It is well established that the performance of regular physical exercise results in numerous health benefits, including a reduced risk of developing type 2 diabetes. Exercise is also a widely accepted modality to decrease blood glucose concentrations in patients with diabetes; even a single session of exercise can lower blood glucose concentrations by stimulating glucose uptake into the skeletal muscles. Exercise also has many additional health benefits, including lowering blood pressure, improving lipid levels and lowering the risk of heart disease. Given the profound clinical importance of the metabolic effects of exercise, there is a great need to understand the underlying molecular mechanisms that mediate these metabolic improvements.
The overall focus of my research is to determine the novel molecular mechanisms of exercise that improve metabolic health. This will be broken down into three major aspects: 1) To determine exercise-induced adaptations to white and brown adipose tissue; 2) to ascertain the effects of parental exercise on the metabolic health of offspring; and 3) to elucidate the effects of exercise that can mediate the hypermetabolic response to burn injury.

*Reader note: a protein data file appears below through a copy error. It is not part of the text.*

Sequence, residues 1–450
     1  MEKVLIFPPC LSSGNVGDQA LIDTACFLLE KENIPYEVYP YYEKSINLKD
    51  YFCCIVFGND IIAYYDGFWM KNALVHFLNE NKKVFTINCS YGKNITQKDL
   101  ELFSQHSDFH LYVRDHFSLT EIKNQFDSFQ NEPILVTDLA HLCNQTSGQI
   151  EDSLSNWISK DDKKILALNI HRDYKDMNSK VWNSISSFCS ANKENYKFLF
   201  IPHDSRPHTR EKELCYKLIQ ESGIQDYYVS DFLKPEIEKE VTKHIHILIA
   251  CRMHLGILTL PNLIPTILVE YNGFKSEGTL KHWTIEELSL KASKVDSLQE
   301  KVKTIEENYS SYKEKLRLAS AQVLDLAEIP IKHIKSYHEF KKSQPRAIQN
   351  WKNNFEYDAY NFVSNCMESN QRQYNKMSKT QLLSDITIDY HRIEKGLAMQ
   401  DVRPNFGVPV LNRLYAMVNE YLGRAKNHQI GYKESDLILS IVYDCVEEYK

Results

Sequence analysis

These various lines of investigation will help define the molecular basis for the important adaptations that occur with exercise, and will have important ramifications for patients with metabolic and cardiovascular diseases.
Education and Training
PhD, University of California-San Diego
Post Doctoral, Harvard Medical School/Joslin Diabetes Center